Richard Holden, Professor of Economics, UNSW - avatar Richard Holden, Professor of Economics, UNSW

What I learned from Bob Hawke: economics isn't an end itself. There has to be a social benefit

When I was growing up in Adelaide in the 1970s I wanted to be like Bob Hawke. Other kids generally wanted to be cricket, football or rock stars. I wanted to be a research officer with the Australian C...

Tim Harcourt, J.W. Nevile Fellow in Economics and host of The Airport Economist, UNSW - avatar Tim Harcourt, J.W. Nevile Fellow in Economics and host of The Airport Economist, UNSW

GetUp!'s brand of in-your-face activism is winning elections – and making enemies

GetUp! protesters outside the second leaders' debate in Adelaide earlier this month.David Mariuz/AAPIt can be hard for a political cause to get noticed in a jaded world awash with information, but con...

Mark Rolfe, Honorary associate, School of Social Sciences, UNSW - avatar Mark Rolfe, Honorary associate, School of Social Sciences, UNSW

VIDEO: Michelle Grattan on the passing of Bob Hawke - and the final campaign push

University of Canberra Deputy Vice-Chancellor Leigh Sullivan speaks to Michelle Grattan about the week in politics. They discuss the passing of former Labor prime minister Bob Hawke and his legacy, as...

Michelle Grattan, Professorial Fellow, University of Canberra - avatar Michelle Grattan, Professorial Fellow, University of Canberra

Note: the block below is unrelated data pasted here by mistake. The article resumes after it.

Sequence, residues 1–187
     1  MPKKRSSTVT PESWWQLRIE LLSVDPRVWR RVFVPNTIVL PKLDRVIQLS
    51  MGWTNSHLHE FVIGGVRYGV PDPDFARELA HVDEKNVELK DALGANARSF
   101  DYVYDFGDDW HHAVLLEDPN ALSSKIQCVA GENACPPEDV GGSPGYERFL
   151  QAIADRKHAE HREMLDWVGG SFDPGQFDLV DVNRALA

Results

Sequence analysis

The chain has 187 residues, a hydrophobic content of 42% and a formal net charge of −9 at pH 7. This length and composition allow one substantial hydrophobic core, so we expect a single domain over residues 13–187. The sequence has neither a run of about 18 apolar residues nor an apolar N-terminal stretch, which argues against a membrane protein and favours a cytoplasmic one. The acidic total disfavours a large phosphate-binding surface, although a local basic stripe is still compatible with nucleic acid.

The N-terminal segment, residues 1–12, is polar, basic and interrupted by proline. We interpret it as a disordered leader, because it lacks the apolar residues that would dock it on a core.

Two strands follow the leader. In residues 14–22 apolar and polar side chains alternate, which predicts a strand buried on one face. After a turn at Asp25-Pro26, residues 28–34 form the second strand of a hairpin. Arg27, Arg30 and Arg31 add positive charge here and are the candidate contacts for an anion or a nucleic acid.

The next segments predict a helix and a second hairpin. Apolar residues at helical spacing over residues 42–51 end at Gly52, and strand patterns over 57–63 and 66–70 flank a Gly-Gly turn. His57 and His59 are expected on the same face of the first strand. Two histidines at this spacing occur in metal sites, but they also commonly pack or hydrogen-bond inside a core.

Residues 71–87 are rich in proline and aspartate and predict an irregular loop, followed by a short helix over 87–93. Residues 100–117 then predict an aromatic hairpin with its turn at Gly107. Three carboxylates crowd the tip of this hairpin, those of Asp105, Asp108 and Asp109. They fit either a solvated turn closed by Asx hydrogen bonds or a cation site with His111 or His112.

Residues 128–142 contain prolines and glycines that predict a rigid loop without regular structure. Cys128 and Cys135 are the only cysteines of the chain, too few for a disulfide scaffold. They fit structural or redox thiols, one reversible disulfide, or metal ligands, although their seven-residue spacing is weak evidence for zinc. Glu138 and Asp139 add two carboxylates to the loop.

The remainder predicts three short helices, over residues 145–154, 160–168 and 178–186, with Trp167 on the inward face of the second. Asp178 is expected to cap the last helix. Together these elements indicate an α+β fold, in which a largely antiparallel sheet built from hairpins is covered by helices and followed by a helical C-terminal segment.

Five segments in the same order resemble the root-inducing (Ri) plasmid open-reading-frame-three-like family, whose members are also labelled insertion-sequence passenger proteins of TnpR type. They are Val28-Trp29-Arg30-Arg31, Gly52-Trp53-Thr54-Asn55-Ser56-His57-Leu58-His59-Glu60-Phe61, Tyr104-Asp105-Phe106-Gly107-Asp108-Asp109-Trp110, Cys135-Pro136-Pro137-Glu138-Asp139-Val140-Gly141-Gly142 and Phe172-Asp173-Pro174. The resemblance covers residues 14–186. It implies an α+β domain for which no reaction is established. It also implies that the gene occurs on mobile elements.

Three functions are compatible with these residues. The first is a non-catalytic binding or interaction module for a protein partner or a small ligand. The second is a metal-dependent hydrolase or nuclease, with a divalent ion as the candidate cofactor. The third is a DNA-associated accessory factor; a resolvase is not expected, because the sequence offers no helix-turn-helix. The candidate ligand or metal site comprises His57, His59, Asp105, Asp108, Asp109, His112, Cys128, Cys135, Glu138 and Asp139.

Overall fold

As we face pressing global issues, the pavilions of Venice Biennale are a 21st century anomaly

One of the most powerful images at this year's Venice Biennale is Christoph Büchel's Barca Nostra, 2018-2019, Shipwreck 18th of April 2015. La Biennale di VeneziaThe 58th Venice Biennale of Art o...

Felicity Fenner, Associate Professor at UNSW Art & Design, UNSW - avatar Felicity Fenner, Associate Professor at UNSW Art & Design, UNSW

This is what happens to a baby's body during birth

Delivering a human baby – which has a large, highly developed brain – is risky for mother and baby. jaredandmelanie/flickr , CC BYPregnancy, labour and delivery are incredibly physically ...

Ian Wright, Professor of Paediatrics and Child Health Research, University of Wollongong - avatar Ian Wright, Professor of Paediatrics and Child Health Research, University of Wollongong

Final poll wrap: Race tightens in Ipsos and Dutton just ahead in Dickson, plus many more seat polls

The election campaign is finally coming to an end, with Australians to head to the polls tomorrow.AAP/Bianca de Marchi/Tracey NearmyThe federal election will be held tomorrow. Polls close at 6pm Austr...

Adrian Beaumont, Honorary Associate, School of Mathematics and Statistics, University of Melbourne - avatar Adrian Beaumont, Honorary Associate, School of Mathematics and Statistics, University of Melbourne

The security of your identity, personal information and financial connections should be foremost in your mind when exploring websites on the Internet.



There are crooks out there. There are people who make a vast amount of money from stealing and blackmailing people online. They lie, cheat and steal using every trick in the book and they invent new ways to fool people every day.